Sourdough – what I have learned

I promised you a post on sourdough and what I have learned from making it a long time ago, but I have finally put it together for you.

I promised you a post on sourdough and what I have learned from making it a long time ago, but I have finally put it together for you. It probably isn’t a whole list, and I will most likely add to it from time to time, but here is what I have so far.

Making sourdough isn’t as hard it seems to be. Once you get the basics of what to do and your starter is active it is easy.

I’ve said it before, but I do wonder if the mystery that surrounds it is about selling courses.

One major thing seems to be that there are so many different ways to make it. Lots of different techniques. We all find one that works best for us.

Sourdough - what I have learned


Getting started

It can take a while for a starter to really get going. A lot of instructions tell you that you can use it after seven days, but really it can take a lot longer than that.

One of my starters took almost three weeks before it was ready. I almost threw it away. So glad I didn’t, it is the one I use the most now.

Feeding it

You do have to feed it every day. If you are leaving it out of the fridge it needs to be fed. One thing I’ve noticed is that when it is very hungry it has a horrible vinegary smell.

If you don’t want to do that you can refrigerate it. It still needs to be fed on a regular basis, around once a week, though if it is a few days more it doesn’t seem to matter too much.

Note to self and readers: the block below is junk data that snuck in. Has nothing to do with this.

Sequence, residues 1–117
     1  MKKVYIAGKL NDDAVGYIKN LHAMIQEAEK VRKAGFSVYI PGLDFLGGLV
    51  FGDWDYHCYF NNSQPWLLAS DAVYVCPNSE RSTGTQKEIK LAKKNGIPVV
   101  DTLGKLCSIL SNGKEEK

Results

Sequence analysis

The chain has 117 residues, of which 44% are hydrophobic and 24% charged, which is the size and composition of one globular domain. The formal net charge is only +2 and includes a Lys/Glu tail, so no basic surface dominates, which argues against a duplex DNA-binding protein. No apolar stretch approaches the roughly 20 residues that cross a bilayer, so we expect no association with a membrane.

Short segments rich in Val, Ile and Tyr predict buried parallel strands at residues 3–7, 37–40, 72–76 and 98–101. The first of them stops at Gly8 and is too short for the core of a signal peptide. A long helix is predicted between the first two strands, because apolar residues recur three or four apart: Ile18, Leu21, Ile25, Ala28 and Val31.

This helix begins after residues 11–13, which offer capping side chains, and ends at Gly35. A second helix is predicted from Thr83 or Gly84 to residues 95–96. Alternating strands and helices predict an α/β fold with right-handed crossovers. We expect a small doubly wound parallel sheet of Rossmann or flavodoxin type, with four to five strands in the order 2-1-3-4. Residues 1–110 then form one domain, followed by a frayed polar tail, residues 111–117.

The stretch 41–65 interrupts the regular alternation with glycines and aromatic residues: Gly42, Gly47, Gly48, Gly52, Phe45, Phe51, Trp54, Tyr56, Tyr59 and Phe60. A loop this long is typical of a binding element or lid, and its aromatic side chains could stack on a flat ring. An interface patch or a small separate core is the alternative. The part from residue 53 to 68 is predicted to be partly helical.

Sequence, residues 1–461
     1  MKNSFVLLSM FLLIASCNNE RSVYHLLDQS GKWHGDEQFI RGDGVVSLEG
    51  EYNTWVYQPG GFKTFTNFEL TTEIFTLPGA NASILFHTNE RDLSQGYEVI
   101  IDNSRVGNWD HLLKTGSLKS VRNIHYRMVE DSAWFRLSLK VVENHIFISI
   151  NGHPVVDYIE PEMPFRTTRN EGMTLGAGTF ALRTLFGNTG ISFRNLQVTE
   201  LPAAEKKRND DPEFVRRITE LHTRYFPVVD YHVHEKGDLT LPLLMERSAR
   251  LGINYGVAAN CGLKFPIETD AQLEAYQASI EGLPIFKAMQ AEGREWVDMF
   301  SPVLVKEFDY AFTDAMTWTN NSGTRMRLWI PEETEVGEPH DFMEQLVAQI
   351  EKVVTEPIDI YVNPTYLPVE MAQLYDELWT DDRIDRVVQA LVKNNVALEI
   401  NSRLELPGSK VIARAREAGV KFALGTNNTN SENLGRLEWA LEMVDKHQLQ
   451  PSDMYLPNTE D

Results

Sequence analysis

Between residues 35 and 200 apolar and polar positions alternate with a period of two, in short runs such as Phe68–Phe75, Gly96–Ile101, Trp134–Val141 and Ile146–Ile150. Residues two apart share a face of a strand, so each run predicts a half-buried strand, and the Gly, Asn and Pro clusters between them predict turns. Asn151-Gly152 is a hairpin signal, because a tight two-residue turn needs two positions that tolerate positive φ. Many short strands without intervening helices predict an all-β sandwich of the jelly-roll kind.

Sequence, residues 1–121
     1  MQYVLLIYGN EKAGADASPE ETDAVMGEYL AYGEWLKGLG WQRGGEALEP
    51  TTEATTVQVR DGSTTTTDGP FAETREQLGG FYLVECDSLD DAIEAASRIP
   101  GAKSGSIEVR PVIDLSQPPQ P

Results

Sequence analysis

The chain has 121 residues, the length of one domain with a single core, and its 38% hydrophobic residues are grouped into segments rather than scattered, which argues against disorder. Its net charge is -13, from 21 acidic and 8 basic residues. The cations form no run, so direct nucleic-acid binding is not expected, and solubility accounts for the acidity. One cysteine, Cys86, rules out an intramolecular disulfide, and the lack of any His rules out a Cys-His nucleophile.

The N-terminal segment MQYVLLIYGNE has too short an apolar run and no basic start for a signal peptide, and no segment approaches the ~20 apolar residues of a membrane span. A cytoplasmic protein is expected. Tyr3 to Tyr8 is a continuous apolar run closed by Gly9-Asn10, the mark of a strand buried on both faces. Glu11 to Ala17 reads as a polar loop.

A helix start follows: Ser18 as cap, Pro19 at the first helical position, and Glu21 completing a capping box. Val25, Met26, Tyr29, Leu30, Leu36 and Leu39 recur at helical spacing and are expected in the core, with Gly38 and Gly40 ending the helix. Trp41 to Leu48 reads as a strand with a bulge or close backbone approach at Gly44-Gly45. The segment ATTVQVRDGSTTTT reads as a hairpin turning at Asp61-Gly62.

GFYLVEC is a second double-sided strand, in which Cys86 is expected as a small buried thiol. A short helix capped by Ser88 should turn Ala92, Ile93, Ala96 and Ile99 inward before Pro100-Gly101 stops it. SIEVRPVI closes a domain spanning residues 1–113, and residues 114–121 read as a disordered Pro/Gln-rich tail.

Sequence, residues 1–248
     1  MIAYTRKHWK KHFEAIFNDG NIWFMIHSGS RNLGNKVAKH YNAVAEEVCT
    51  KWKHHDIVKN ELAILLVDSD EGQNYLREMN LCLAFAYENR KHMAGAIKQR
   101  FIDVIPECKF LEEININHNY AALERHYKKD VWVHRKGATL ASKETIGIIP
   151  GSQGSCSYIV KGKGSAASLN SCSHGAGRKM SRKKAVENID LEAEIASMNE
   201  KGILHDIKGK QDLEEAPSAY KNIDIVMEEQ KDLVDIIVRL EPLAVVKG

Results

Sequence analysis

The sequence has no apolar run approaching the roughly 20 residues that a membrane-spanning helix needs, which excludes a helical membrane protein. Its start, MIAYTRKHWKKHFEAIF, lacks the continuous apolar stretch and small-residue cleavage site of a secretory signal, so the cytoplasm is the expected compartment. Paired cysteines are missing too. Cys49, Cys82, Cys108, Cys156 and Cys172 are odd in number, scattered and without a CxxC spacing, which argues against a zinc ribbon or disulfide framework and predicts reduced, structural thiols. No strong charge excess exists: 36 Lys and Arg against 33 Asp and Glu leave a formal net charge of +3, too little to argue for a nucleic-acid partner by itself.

There seems to be some discrepancy about when to feed it after you take it out of the fridge. Some say feed it straight away, while others say leave it out for a day and then feed it. I’ve done both and my starter is still going strong.

Sourdough - what I have learned

A bit haphazard

Surprisingly you can be a bit haphazard with how you feed it. Measurements can be a bit off and it shouldn’t affect it too much. I often add an extra couple of grams of water to make it less gluggy. Though have to be careful you don’t add too much, if it is too runny it won’t do what you want it to do.

The time of day you feed it isn’t as important either. I tend to work out when I want to do the bulk rise and then work backwards. I have fed them first thing in the morning, and late afternoon. Some days I almost forget.

Making the sourdough dough

First loaves

You will have failures.

Everyone does.

You will end up with flat loaves. I had a lot of them when I began. A friend told me it can take up to 10 weeks. So perseverance is the key, oh, and patience.

The thing to remember is that while failures don’t look good you can still eat them.

Sourdough - what I have learned


This is something I really struggled with initially. I was following a recipe that had 80% hydration, which means that the water was 80% of the recipe. It was too wet and I couldn’t do anything with it. Mind you I think there were other things going wrong as well.

One thing to remember is that the flour you use has a lot to do with it as well.


If you use 75% hydration how wet your dough will be will depend on the flour you use. If you use all white bread flour the dough will be very wet. The more rye or wholemeal flour you add the dryer the dough will be. I usually add around 100 to 150 grams of those and the rest white flour.


You don’t need to be absolutely correct with your measurements. They need to be close. However, I often add more starter than the recipe calls for, not a lot more, but some. The thing to consider when you add more is that you are also adding more hydration to the mix, or more water. You need to take that extra water into account.

I often do 70% hydration that way if I put in too much starter then I’m covered.